Magnito Digital is running their operation successfully. Chaldhal.com is basically doing what a dime a dozen startups are doing in India – maybe even better – in the online shopping sphere. Meanwhile, Bangladeshi music lovers have dugdugi.com, an online audio distribution website streaming the best of country music.
These are just a few of the many success stories which are making waves in the Bangladeshi startup scene and disrupting the whole business ecosystem. While the bottom line impact these startups make to the country’s final economic figures is always debatable, one thing is for certain: they are changing the way business is done on the subcontinent.
With 160 million people and 100 million mobile subscribers, Bangladesh is one of the most exciting new places for entrepreneurs to do business and, rightly so, they are taking up the opportunity with full vigor.
Leading property portal Lamudi Bangladesh takes a closer look at how startups are helping change the economic outlook for the country.
Closing business process loopholes: Take one look around and it is not uncommon to find a gap or problem which can be solved to make the service faster, more efficient or much more customer friendly. Startups are exploiting the gaps and creating exciting new business models left, right and center. From the way the government gives out tenders to disrupting the way businesses use social media, there are plenty of new startups doing work previously unheard of in Bangladesh.
Job creation: While creation of jobs is a bit of misnomer, what with the abundant jobs available in the country, what is more important is the creation of exciting new opportunities for young people to pursue their hobbies and interests. This is something new in Bangladesh. The common practice of joining banks, export houses and large corporations may be a thing of the past, with youngsters’ leaving the corporate world in large numbers, preferring the startup scene to regular nine-to-five jobs.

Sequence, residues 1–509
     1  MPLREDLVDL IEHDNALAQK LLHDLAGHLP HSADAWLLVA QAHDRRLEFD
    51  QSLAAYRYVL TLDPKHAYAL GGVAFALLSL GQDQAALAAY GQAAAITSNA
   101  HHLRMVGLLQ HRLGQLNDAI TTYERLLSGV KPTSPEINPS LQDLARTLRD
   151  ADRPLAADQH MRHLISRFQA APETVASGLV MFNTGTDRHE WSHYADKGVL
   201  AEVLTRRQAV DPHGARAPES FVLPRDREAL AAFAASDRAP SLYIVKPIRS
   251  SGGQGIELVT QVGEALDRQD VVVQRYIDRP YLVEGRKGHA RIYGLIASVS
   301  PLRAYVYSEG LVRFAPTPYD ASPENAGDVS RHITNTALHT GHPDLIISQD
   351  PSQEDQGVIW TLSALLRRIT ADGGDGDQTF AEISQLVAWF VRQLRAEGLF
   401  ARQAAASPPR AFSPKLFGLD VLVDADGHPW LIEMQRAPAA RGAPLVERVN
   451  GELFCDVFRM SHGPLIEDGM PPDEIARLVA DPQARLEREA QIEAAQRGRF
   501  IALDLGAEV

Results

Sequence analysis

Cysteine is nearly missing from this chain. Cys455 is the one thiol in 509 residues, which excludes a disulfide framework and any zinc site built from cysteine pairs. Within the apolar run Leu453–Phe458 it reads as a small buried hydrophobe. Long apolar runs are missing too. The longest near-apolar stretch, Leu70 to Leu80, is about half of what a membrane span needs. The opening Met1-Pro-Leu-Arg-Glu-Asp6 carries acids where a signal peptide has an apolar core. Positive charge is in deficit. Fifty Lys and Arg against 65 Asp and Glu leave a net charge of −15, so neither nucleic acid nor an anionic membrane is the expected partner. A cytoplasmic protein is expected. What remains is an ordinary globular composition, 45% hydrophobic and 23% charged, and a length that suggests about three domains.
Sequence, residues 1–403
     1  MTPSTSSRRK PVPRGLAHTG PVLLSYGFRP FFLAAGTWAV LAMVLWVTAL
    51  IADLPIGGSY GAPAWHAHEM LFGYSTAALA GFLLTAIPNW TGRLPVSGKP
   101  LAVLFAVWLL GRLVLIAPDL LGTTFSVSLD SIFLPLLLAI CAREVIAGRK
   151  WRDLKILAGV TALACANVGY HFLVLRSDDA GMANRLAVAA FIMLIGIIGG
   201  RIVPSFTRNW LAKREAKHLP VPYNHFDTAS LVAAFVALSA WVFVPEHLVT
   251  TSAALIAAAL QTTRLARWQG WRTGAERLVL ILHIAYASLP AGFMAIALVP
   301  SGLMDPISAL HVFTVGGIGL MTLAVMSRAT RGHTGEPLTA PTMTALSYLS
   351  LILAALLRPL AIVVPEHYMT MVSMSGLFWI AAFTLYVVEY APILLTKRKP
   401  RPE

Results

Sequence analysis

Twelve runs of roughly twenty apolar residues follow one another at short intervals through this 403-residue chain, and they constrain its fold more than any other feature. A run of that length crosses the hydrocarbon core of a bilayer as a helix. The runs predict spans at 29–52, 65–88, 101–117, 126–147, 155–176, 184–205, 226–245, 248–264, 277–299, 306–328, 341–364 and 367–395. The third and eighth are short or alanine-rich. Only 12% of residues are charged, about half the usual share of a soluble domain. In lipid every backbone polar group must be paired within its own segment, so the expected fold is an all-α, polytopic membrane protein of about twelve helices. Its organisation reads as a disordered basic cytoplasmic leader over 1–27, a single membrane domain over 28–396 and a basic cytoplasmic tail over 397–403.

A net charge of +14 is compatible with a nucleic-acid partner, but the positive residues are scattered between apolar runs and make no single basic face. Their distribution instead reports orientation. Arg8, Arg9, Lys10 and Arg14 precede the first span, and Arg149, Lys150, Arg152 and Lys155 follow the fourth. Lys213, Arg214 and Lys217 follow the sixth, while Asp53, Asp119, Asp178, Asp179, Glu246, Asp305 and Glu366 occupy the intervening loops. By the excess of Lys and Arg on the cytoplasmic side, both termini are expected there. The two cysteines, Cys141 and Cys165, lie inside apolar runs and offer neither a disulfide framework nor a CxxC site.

M&A activity: While startups are disrupting the business ecosystem, the final impact they make is debatable given the high number of failures associated with these businesses. This is owing to a lack of either enough support from government policies, unfavorable market conditions or most importantly, a dearth of enough qualified startup professionals who can drive marketing and lead generation. A lot of big businesses are either using the ideas, or buying out these startups or the founding team. This has made big corporate firms more agile and forced them to be innovative and smart to compete. These large corporations also have the advantage of much larger economies of scale, making the final impact much more powerful compared to that of a three-member startup.
VAT and Tax Earning: Over the last couple of years, the Bangladeshi government has done an excellent job collecting the VAT and tax from businesses. Previously many businesses were able to avoid making these payments. But after successful campaigns and awareness programs, businesses are now serious about these issues. Start-ups are also playing a major role in this revenue collection. Most start-ups are owned and run by young and educated individuals, who are more conscious of these issues.
International Trade: Start-ups are doing business with international markets in two key ways: exporting or importing products, or sometimes even new services. Through this international trade, Bangladesh’s gross domestic product and revenue is increasing.
Launched in 2013, Lamudi is a global property portal focusing exclusively on emerging markets. The fast-growing platform is currently available in 32 countries in Asia, the Middle East, Africa and Latin America, with more than 900,000 real estate listings across its global network. The leading real estate marketplace offers sellers, buyers, landlords and renters a secure and easy-to-use platform to find or list properties online.